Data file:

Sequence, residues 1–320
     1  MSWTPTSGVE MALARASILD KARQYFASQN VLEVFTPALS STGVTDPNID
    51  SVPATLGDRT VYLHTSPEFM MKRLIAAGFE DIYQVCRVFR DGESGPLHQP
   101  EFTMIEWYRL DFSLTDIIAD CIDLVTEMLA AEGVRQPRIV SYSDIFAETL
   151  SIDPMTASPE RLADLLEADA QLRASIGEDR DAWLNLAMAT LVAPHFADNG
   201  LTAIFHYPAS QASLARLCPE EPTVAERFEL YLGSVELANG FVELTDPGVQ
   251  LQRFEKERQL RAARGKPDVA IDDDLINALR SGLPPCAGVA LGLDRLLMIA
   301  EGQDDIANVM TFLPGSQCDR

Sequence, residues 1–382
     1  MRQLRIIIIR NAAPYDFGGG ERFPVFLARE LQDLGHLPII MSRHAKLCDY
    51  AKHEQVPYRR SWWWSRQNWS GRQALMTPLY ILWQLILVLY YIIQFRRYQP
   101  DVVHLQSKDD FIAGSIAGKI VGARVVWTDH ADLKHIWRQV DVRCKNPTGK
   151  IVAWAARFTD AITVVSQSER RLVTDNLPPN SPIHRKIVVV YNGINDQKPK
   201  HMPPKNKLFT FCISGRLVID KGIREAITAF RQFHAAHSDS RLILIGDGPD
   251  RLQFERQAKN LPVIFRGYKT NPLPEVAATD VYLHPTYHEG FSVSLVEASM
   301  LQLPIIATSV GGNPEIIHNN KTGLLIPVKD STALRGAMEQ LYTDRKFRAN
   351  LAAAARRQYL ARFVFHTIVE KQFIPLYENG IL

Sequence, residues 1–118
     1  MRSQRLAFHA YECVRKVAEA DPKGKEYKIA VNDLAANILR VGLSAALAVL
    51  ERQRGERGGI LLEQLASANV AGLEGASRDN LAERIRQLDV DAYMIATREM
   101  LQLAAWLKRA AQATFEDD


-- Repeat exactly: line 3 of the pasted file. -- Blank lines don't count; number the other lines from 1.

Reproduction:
    51  SVPATLGDRT VYLHTSPEFM MKRLIAAGFE DIYQVCRVFR DGESGPLHQP